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Central Students and Faculty Rave About Barack Obama Portrait

 by Sophia Contreras
Newly acquired paintings grace the walls of the Smithsonian in celebration of the National Portrait Gallery’s 50 year anniversary.
The Smithsonian National Portrait Gallery was built in the 1950s after the previous building, which housed the country’s founding documents, was demolished and rebuilt as a part of the Smithsonian.
On Feb. 12, Barack and Michelle Obama unveiled their portraits for the Smithsonian Presidential Portrait Gallery in Washington, D.C.

Both of the Obama paintings, aside from depicting the first African Americans in the Presidential Gallery, are also the first paintings commissioned by African American artists.

Barack’s painting was painted by Kehinde Wiley, a famous contemporary painter known for painting African Americans in everyday life and putting them in powerful poses. In one of his paintings, he illustrated a middle-aged African American with a big t-shirt and Timberland boots while riding a war horse.

Central Connecticut State University’s Art Professor Jennifer Kanous is a specialized portrait artist and long-time Wiley fan.

“I remember seeing Kehinde work 15 years ago while he was a graduate art student in Yale and finding his work so interesting. It’s incredible to see that he was chosen to do the portrait of Obama,” Kanous said.

During the ceremony, Barack Obama jokingly stated, “I tried to negotiate less gray hair and Kehinde’s artistic integrity would not allow [him] to do what I asked.”

Courtney Silvia, a CCSU art student, agreed with Wiley’s artistic decision to not change Obama’s features.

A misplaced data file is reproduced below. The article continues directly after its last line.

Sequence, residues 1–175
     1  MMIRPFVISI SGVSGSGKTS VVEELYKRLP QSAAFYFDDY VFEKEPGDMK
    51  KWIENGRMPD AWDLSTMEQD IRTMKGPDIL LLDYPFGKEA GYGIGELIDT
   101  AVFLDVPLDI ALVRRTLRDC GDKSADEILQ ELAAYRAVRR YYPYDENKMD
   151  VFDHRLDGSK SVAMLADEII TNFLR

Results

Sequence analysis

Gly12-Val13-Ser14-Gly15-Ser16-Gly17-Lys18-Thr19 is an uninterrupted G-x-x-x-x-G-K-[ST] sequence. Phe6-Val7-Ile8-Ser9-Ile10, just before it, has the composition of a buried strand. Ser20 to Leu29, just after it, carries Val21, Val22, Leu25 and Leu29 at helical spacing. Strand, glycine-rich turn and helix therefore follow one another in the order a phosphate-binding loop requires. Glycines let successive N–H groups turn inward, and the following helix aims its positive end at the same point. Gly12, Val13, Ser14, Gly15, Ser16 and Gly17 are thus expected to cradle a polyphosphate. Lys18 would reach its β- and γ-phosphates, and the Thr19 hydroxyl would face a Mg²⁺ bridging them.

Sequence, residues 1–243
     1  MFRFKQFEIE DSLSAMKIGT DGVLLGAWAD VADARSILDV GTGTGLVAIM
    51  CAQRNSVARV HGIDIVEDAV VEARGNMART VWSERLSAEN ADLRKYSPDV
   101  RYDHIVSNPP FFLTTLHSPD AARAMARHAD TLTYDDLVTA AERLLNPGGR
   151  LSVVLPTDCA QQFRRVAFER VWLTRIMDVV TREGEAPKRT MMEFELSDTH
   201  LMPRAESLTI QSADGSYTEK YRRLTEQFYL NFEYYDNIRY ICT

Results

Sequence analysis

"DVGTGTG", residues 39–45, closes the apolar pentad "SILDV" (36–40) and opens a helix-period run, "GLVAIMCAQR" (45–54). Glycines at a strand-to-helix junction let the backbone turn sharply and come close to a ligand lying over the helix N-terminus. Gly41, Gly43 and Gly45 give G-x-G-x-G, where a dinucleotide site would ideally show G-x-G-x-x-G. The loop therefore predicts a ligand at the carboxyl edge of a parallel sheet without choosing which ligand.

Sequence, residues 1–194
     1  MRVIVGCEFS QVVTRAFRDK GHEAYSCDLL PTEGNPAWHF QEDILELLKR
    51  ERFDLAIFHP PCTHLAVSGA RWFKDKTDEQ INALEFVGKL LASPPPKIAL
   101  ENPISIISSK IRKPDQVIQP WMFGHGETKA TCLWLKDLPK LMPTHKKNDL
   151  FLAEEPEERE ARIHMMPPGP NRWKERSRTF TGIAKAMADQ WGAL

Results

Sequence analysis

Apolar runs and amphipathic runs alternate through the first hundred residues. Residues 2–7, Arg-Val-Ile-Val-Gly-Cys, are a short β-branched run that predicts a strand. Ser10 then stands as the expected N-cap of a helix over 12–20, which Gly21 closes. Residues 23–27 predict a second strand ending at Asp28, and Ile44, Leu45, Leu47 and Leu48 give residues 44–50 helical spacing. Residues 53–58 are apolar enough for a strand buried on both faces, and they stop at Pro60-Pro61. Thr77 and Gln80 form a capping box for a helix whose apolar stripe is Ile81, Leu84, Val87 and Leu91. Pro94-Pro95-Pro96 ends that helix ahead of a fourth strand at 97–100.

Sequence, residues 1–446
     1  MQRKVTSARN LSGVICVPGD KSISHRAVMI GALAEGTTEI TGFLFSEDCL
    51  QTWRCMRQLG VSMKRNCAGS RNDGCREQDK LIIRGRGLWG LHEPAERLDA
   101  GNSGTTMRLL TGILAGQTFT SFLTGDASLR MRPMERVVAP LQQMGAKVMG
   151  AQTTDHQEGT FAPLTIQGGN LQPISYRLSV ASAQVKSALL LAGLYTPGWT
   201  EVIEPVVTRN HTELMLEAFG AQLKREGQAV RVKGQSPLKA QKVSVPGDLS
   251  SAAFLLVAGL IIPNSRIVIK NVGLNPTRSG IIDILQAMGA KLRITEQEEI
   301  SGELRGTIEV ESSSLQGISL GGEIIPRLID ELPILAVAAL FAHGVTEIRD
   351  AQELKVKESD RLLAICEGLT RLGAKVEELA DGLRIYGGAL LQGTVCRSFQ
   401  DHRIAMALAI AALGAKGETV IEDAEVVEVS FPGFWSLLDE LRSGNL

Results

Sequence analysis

“As an artist, I don’t think I would be able to change someone’s features, even if they requested it. It is a lot of pressure to paint a portrait of someone, and as an artist even the smallest highlight or stroke can completely change a person’s facial characteristic,” Silvia said.

In comparison to the other pieces in the presidential gallery, Wiley’s and Amy Sherald’s, the artist who painted Michelle Obama’s portrait, are the most contemporary and modern ones in the exhibit.

“Kehinde’s work is hyper realistic and majestic, it is definitely going to give the portrait gallery a contemporary piece that will pop,” Kanous said.

Obama appears sitting in a chair with arms folded across his lap. The painting depicts him surrounded by bright green vines peppered with buds of jasmine, chrysanthemums, and lilies to represent the different parts of him. Wiley used flowers native to Hawaii, Illinois and Kenya, respectively, to connect these three significant places of his life in the painting.

“Its really amazing and telling at how [Wiley] kept to his traditional style of patterning and vegetation. I think that’s what makes him so unique, the natural elements he includes in his work is stuff that has never been done before,” Silvia said.

In contrast to Barack Obama’s painting, Michelle Obama’s portrait depicts her skin color in a gray scale, the opposite of Wiley’s interpretation of Barack’s skin palette.

“The flesh tones in Kehinde’s work always stands out to me, you can see how the lighting shows all those different skin tones. It’s almost like Kehinde made an effort to show off all of his artistry skills in this piece with all the different artistry elements he used,” Silvia said.

Portraits are not only meant to show your facial characteristic, but also interpret characteristics of personality.

“Kehinde’s piece allows you to see Obama’s exterior and interior features, very clearly, for example you can see how his face looks very pensive and the way his hands are folded together,” Rachel Siporin, CCSU Art Department Chair, said.

Barack Obama’s portrait will be hung in the Presidential Gallery of the Smithsonian, while Michelle’s will be hung in the First Lady’s Gallery; both pieces are already on display to the public at Smithsonian.

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